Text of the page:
You who dwell in the land of Uz!
The cup shall also pass over to you
And you shall become drunk and make yourself naked.
The punishment of your iniquity is accomplished,
O daughter of Zion;
He will no longer send you into captivity.
He will punish your iniquity,
O daughter of Edom;
He will uncover your sins! –– Lamentations 4:21-22
- Egypt shall be a desolation,
And Edom a desolate wilderness,
Because of violence against the people of Judah,
For they have shed innocent blood in their land. –– Joel 3:19
And one too long to fit in bullet points:
“Will I not in that day,” says the Lord,
“Even destroy the wise men from Edom,
And understanding from the mountains of Esau?
Then your mighty men, O Teman, shall be dismayed,
To the end that everyone from the mountains of Esau
May be cut off by slaughter.
“For violence against your brother Jacob,
Shame shall cover you,
And you shall be cut off forever.
In the day that you stood on the other side—
In the day that strangers carried captive his forces,
When foreigners entered his gates
And cast lots for Jerusalem—
Even you were as one of them.
“But you should not have gazed on the day of your brother
In the day of his captivity;
Nor should you have rejoiced over the children of Judah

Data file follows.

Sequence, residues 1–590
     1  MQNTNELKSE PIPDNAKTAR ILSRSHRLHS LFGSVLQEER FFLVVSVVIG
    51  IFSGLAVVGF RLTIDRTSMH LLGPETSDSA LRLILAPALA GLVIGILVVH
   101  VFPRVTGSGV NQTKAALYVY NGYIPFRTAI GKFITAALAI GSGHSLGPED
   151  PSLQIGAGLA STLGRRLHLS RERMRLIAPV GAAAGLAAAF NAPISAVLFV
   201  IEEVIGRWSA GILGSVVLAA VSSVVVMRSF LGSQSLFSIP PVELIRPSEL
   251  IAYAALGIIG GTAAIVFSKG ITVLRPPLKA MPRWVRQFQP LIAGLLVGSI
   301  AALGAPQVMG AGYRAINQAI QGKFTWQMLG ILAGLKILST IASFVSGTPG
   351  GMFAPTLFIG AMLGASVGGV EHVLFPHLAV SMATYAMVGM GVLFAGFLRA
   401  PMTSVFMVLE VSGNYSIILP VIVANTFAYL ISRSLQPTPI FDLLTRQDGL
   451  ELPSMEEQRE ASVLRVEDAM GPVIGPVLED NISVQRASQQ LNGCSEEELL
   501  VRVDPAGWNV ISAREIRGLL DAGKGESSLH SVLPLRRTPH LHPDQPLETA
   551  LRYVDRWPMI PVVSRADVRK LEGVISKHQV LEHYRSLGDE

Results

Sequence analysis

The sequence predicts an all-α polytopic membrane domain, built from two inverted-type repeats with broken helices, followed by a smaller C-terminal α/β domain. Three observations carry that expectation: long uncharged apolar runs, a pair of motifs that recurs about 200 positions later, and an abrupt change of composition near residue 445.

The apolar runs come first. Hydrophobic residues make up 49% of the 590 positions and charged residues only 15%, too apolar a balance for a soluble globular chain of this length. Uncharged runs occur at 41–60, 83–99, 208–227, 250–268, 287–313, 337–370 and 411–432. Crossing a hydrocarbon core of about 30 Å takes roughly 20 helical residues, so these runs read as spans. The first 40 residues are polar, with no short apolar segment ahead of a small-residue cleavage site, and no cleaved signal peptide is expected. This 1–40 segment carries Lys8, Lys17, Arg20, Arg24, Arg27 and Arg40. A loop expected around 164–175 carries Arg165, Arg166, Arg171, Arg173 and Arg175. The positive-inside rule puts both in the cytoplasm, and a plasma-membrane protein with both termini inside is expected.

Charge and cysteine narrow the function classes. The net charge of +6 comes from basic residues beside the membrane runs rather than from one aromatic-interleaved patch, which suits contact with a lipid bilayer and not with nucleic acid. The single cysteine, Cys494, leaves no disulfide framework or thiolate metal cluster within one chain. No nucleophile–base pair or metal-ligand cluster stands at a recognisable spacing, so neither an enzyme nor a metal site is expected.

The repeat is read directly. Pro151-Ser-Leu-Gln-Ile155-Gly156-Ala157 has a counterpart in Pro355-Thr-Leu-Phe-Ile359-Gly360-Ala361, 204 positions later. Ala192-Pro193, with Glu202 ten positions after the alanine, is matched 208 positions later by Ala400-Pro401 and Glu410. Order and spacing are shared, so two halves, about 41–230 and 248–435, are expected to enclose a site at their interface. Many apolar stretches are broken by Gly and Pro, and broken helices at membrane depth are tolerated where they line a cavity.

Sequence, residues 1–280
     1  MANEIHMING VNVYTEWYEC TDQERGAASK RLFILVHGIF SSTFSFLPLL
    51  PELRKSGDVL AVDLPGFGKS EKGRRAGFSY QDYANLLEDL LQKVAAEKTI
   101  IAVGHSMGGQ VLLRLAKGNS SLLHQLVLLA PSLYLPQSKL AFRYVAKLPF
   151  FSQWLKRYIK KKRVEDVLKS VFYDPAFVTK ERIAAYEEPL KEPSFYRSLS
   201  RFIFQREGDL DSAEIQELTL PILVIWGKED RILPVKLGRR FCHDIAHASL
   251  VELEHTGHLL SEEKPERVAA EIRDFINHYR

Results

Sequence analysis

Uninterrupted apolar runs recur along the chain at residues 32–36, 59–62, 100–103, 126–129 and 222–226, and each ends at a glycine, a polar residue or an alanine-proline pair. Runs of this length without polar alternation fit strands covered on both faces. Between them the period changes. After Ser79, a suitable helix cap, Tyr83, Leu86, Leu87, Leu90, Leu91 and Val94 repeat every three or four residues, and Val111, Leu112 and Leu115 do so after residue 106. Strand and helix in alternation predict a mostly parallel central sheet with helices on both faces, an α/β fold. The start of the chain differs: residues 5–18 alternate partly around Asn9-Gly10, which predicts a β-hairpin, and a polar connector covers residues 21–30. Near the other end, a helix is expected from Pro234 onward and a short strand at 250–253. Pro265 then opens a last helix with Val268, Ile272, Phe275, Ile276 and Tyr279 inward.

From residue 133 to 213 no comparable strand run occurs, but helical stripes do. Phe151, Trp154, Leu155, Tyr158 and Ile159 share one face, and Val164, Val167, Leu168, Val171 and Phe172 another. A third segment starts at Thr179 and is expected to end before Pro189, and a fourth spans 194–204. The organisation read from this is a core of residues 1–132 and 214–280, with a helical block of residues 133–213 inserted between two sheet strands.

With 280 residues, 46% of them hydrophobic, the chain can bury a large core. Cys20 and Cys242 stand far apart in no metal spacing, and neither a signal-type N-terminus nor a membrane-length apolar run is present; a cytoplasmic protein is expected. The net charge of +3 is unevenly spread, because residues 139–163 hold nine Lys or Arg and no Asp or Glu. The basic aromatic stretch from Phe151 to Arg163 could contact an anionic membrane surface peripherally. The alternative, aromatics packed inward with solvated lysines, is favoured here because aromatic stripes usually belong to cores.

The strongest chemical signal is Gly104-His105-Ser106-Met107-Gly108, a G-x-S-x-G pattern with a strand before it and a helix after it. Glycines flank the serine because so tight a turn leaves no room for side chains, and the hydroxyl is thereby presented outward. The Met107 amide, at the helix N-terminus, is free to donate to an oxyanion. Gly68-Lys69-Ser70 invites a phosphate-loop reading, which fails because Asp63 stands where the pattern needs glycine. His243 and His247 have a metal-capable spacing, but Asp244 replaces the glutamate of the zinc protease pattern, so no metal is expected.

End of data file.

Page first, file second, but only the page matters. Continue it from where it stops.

In the day of their destruction;
Nor should you have spoken proudly
In the day of distress.
You should not have entered the gate of My people
In the day of their calamity.
Indeed, you should not have gazed on their affliction
In the day of their calamity,
Nor laid hands on their substance
In the day of their calamity.
You should not have stood at the crossroads
To cut off those among them who escaped;
Nor should you have delivered up those among them who remained
In the day of distress. – Obadiah 1:8-14
In addition, long passages in Isaiah, Jeremiah, and Ezekiel describe the ultimate punishment of Edom.
In Old Testament prophesy, Edom and Moab are types of the nations who, in the end, will not serve Zion. Which means they will reject God’s offer of peace and reconciliation. Only by destroying them can God fulfill the blessings he promised to believers.
God is not arbitrary
So before Esau and Jacob were even born, God knew that they and their descendants would both sin and require a divine savior. He also saw that, eventually, Jacob’s descendants would repent and turn to God for forgiveness. Esau’s would refuse.
In God’s foreknowledge, he determined to oppose Esau and embrace Jacob. To understand a somewhat familiar verse from Romans, it is necessary to understand less well-known passages from Old Testament prophecy. Too many people, including too many preachers, can’t be bothered.
The scriptures quoted are truth. Scripture as a whole is the whole truth. Too many people, like Pilate, ask what is truth and walk away without waiting for the answer. Only they can see anything but the truth in Scripture.
Will you seek to gain thorough knowledge of the Bible?
What is truth? Public domain, from Wikimedia Commons
Esau selling his birthright. Public domain from Wikimedia Commons
Destruction of Jerusalem. Public domain
Treachery. Some rights reserved by Howard Duncan
Christ the Redeemer. Some rights reserved by Sailor Coruscant